ينتقل الطفل من Paranoid-schizoid position الى depressive position حتى يستطيع بناء ذات

مترابطة؛ ليصبح إنسان بالغ فبإمكانه رؤية الأمور على حقيقتها. فرغم كون إسرائيل دولة ذات قوة عسكرية عظيمة، تُحالف الولايات المتحدة، فإنها تبقى بقعة صغيرة من الأرض في الشرق الأوسط، ذات قدرات عسكرية وطاقات ذهنية محدودة، واقتصاد ضعيف قياسًا بسواها من الدول، تعيش فوق طاقتها، معتمدةً على الولايات المتحدة للصمود اقتصاديًا وعسكريًا. تقلقها عدة مشاكل اجتماعية تتمثل في عدم قبول الفئات المختلفة بعضها، وتكثر قضايا الفساد السياسي وقضايا الاعتداء الجنسي من قبل ذوي النفوذ وغيرهم. كما انّ تشغلها مشاكل أمنية، وقضايا عنف في المجال التربوي، وتطرف ديني وايديولوجي.

فإذا استطاع لاسرائليون العدول عن مشاعر العظمة، التي تغطي على الشعور بالخوف والقلق من الملاحقة التاريخية، وخسارة دفاعياتهم النفسية للأذية النرجسية في اللاواعي، وخسارة الحاجة للعب دور الضحية في الواعي، فسيستطيعون رؤية الواقع الحقيقي والاعتراف بأخطائهم وبالأذية والمعاناة التي سببوها للشعب الفلسطيني، وعندئذ يمكنهم الدخول في حوار حقيقي مع الآخر.

Dr. Caesar Hakim

Trans. by Stephen Sheehi

During this time of the year, we remember al-Nakba. In the meantime, the Israelis unite in boasting about all that they have accomplished over the past seventy years: seventy years of achievements in building the “most democratic state” in the Middle East with, of course, the “most moral army” in the world. Israeli media regurgitates these statements and principles of faith. Amongst the formal celebrations of seventy years of independence, these speeches and daily practices embody themselves in the state administrative policies towards its Palestinian citizens and especially towards Palestinians under occupation in the occupied West Bank and Gaza.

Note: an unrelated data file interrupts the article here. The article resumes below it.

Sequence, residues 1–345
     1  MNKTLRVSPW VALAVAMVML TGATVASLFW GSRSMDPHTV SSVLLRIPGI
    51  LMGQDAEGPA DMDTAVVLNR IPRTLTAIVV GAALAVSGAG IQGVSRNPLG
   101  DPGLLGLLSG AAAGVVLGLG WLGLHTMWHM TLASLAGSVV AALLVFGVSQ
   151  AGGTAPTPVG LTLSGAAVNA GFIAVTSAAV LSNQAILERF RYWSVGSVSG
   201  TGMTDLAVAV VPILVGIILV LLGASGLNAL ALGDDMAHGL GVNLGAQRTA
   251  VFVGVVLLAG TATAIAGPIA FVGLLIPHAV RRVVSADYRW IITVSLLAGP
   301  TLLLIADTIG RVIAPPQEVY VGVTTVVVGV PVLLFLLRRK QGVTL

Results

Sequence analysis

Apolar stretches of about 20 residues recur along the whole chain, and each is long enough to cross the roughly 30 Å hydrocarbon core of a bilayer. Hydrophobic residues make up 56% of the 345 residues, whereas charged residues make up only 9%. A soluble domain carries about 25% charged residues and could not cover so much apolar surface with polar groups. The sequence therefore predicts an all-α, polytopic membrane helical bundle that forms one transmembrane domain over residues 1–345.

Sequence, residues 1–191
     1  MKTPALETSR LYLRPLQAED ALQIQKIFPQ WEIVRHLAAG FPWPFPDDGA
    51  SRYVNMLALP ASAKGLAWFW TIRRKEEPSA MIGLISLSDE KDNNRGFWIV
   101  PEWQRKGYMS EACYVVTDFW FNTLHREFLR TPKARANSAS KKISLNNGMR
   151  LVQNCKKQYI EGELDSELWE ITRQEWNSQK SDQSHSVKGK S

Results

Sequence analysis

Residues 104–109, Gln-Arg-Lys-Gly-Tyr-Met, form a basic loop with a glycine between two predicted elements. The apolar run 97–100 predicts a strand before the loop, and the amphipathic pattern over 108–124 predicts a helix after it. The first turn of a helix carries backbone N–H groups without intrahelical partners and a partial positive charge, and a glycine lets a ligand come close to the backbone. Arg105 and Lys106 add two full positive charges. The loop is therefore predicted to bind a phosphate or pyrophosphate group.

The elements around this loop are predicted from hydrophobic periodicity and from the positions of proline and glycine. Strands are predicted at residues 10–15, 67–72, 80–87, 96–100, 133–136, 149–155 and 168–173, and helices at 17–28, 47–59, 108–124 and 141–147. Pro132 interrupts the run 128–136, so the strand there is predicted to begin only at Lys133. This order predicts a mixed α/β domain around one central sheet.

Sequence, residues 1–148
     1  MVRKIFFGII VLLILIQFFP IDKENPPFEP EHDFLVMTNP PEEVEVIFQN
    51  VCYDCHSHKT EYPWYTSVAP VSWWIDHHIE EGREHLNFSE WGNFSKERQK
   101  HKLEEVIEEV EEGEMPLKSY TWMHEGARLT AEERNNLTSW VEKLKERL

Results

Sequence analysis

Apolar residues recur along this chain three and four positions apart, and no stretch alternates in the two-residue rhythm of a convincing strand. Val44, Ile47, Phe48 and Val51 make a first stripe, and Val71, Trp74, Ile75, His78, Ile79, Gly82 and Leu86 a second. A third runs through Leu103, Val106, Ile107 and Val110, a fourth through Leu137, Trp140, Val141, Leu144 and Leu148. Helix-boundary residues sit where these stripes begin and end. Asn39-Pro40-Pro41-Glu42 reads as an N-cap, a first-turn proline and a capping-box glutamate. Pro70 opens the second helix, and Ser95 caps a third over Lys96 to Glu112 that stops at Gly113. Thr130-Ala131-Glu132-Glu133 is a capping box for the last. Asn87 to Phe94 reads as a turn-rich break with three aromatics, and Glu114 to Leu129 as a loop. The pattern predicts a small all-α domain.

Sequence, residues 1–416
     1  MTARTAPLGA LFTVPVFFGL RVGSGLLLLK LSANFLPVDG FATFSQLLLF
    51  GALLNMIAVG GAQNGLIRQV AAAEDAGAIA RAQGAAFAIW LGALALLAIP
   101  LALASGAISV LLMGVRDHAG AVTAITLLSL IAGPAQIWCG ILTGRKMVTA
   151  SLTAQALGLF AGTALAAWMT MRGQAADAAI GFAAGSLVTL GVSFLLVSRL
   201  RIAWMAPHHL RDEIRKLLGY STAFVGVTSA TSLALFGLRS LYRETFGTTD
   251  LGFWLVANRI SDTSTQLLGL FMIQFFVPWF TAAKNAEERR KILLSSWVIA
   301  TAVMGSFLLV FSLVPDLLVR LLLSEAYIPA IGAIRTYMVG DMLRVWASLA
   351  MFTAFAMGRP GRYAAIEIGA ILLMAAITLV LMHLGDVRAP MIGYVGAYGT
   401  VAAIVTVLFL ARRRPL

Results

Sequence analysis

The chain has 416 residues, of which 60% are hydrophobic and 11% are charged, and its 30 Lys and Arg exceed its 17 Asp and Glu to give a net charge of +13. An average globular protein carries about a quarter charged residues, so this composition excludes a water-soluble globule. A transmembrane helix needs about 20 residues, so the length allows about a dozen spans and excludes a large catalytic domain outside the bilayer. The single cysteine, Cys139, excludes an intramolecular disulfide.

These sentiments, practices, and behaviors exhibit pathological feelings of superiority and grandiosity. Within psychoanalytic nomenclature, this would be called “delusions of grandeur” or an expression of a grandiose group self, i.e., narcissism. Narcissism is understood as an illness; the love of self that makes the Ego denigrate all others. It is being self-absorbed and it is the excess of overvaluing one’s shining self-image (which, in fact, is a compensation for a negatively autogenetic self-image). These are symptoms of a narcissistic wound. The narcissist sees no one other than his own Self. He is deluded in imagining the grandiosity of his abilities and his self-importance. He seems pleasant when you validate his opinion and appreciate him. But when you withhold your attention or criticize him, he attacks you violently with his narcissistic rage.

These delusions of grandeur, and the exaggerated feelings of power that accompany them, stem from a narcissism of a people who suffer from their history. The exaggerated self-image stems from unconscious processes that aim to protect the self from painful feelings of inadequacy, worthlessness, and powerlessness. We, as individuals, express feelings of self-grandeur in our childish approach to the family. In its smallness, it appears greater than it is. This continues in kindergarten, then school, in youth groups, in the army or any other group to which we belong. We belong to these groups, thinking that they are superior and better than other groups.